“All The Dachaus Must Remain Standing”
Joe Wilson is 94 years old. Yet he still has nightmares about what he saw 70 years ago today.
On April 29, 1945, Wilson and other members of the U.S. Army’s 45th Infantry Division — which had already endured over 500 days of savage fighting in Sicily, Italy, France and Germany — liberated Dachau, one of the Nazi’s most infamous concentration camps.
“Concentration camps.” What a despicable euphemism. They were death factories. They were, simply put, Hell on earth. Just reading about them makes my blood boil. The mind reels to think anyone could willingly inflict such torture and engage in such wholesale slaughter.
Rod Serling had much the same reaction — to put it mildly. And he poured his outrage into one of the most searing episodes of The Twilight Zone ever written: “Deaths-Head Revisited”. It follows the arrival of a former Nazi guard named Lutze (Oscar Beregi) at Dachau in what was then present-day Germany (1961) — only 16 years after the war had ended.
But Lutze isn’t there to weep over his crimes. He’s not interested in begging forgiveness. He’s there to gloat. The “black-uniformed, strutting animal whose function in life was to give pain,” as Serling describes him, wants to relive the good old days.
Serling, however, has a surprise in store for him. Lutze has a welcoming committee, led by a former camp inmate named Becker (Joseph Schildkraut). They’re there to conduct a long-delayed, much-deserved trial.
Lutze won’t be merely hearing a list of his crimes, though. He’ll feel every bullet, endure every blow. And by the end of his ordeal, when he suddenly realizes that Becker is a ghost (having been killed years earlier by Lutze himself), he’s been driven completely, irrevocably insane.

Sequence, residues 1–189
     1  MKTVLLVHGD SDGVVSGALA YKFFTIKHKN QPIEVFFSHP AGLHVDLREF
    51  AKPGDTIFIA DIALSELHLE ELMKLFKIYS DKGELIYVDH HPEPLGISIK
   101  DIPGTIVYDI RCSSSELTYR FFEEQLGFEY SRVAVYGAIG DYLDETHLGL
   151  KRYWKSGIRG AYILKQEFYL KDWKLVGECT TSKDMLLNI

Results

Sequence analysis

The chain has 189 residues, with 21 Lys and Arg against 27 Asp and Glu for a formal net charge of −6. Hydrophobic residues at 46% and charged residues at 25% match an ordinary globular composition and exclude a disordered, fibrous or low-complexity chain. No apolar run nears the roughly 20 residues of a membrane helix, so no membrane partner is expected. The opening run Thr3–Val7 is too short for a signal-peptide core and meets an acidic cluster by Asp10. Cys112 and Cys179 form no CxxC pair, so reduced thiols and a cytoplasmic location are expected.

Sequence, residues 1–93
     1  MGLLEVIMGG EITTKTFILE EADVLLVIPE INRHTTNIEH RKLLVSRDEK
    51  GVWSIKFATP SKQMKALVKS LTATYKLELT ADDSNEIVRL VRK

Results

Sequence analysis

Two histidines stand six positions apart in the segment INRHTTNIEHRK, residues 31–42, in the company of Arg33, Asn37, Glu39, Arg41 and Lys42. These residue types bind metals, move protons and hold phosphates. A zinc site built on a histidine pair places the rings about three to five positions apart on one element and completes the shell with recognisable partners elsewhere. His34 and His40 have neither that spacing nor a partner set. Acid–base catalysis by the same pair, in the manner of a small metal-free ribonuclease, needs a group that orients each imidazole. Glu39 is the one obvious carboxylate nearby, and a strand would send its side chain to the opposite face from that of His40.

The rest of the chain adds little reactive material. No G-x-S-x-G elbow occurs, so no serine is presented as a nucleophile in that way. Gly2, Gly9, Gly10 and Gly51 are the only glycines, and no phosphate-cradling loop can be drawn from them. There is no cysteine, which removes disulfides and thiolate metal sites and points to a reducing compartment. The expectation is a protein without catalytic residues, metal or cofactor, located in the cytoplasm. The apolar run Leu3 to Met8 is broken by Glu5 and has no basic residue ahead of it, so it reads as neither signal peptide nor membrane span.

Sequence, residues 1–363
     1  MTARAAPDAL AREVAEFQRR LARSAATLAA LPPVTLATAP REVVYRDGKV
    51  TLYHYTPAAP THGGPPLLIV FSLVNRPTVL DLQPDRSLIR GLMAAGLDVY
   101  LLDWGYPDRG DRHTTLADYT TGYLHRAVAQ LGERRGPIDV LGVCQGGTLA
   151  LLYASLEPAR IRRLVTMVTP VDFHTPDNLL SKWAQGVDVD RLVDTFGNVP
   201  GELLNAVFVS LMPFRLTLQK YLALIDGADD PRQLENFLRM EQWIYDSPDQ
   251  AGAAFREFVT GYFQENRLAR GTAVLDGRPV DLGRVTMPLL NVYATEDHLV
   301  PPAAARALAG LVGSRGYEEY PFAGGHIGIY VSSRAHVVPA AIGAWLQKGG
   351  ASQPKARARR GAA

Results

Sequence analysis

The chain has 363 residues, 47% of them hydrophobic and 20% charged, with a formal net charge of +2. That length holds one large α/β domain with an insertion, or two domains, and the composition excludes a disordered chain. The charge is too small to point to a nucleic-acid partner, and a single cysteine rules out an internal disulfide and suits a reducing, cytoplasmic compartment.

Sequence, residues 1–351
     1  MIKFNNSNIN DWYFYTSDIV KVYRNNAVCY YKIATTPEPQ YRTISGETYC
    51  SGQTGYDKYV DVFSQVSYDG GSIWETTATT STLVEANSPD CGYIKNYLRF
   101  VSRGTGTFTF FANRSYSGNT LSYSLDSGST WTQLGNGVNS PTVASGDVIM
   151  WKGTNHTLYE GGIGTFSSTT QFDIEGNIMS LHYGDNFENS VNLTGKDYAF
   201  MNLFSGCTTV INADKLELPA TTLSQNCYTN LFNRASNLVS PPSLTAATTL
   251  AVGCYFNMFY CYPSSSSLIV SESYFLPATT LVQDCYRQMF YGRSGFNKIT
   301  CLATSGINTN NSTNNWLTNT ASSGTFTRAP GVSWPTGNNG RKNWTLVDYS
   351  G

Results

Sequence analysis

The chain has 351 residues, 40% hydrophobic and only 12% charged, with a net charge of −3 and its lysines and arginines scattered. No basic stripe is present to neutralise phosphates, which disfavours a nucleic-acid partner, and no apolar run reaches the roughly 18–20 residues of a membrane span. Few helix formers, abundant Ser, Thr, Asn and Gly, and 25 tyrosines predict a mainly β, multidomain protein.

And then Becker delivers one of the most devastating soliloquies of the entire series:
Captain Lutze, if you can still reason, if there’s still any portion of your mind that can still function, take this thought with you. This is not hatred, this is retribution. This is not revenge, this is justice. But this is only the beginning, Captain. Only the beginning. Your final judgment will come from God.
And then, as the authorities take Lutze away, the doctor on the scene (Ben Wright) asks, “Dachau. Why does it still stand? Why do we keep it standing?” To which Serling replies, in one of the most perfect things he ever wrote:
There is an answer to the doctor’s question. All the Dachaus must remain standing. The Dachaus, the Belsens, the Buchenwalds, the Auschwitzes, all of them. They must remain standing because they are a monument to a moment in time when some men decided to turn the earth into a graveyard. Into it, they shoveled all of their reason, their logic, their knowledge, but worst of all, their conscience.
And the moment we forget this, the moment we cease to be haunted by its remembrance, then we become the gravediggers. Something to dwell on and to remember, not only in the Twilight Zone, but wherever men walk God’s earth.
Amen. May we never, ever forget.
Photos courtesy of Wendy Brydge. For a daily dose of Serling, you can follow me on Twitter, Facebook or Pinterest. You can also get email notifications of future posts by entering your address under “Follow S&S Via Email” on the upper left-hand side of this post. WordPress members can also hit “follow” at the top of this page.
Hope to see you in some corner of the fifth dimension soon!